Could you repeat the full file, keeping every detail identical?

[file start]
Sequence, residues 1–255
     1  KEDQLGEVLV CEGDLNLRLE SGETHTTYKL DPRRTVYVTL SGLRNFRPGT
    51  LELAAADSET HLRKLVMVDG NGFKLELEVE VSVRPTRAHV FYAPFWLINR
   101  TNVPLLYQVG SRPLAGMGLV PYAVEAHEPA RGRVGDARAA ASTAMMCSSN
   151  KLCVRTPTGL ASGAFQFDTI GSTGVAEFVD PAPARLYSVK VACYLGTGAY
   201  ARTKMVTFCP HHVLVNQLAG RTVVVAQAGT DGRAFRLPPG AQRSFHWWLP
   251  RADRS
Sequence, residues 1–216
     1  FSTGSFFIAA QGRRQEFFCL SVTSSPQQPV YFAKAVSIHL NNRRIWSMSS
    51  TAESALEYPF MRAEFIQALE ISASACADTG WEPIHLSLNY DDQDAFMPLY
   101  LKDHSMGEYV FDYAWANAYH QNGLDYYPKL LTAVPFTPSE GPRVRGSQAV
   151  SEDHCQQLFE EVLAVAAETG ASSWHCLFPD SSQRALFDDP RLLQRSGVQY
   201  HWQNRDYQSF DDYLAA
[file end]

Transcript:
Sequence, residues 1–255
     1  KEDQLGEVLV CEGDLNLRLE SGETHTTYKL DPRRTVYVTL SGLRNFRPGT
    51  LELAAADSET HLRKLVMVDG NGFKLELEVE VSVRPTRAHV FYAPFWLINR
   101  TNVPLLYQVG SRPLAGMGLV PYAVEAHEPA RGRVGDARAA ASTAMMCSSN
   151  KLCVRTPTGL ASGAFQFDTI GSTGVAEFVD PAPARLYSVK VACYLGTGAY
   201  ARTKMVTFCP HHVLVNQLAG RTVVVAQAGT DGRAFRLPPG AQRSFHWWLP
   251  RADRS
Sequence, residues 1–216
     1  FSTGSFFIAA QGRRQEFFCL SVTSSPQQPV YFAKAVSIHL NNRRIWSMSS
    51  TAESALEYPF MRAEFIQALE ISASACADTG WEPIHLSLNY DDQDAFMPLY
   101  LKDHSMGEYV FDYAWANAYH QNGLDYYPKL LTAVPFTPSE GPRVRGSQAV
   151  SEDHCQQLFE EVLAVAAETG ASSWHCLFPD SSQRALFDDP RLLQRSGVQY
   201  HWQNRDYQSF DDYLAA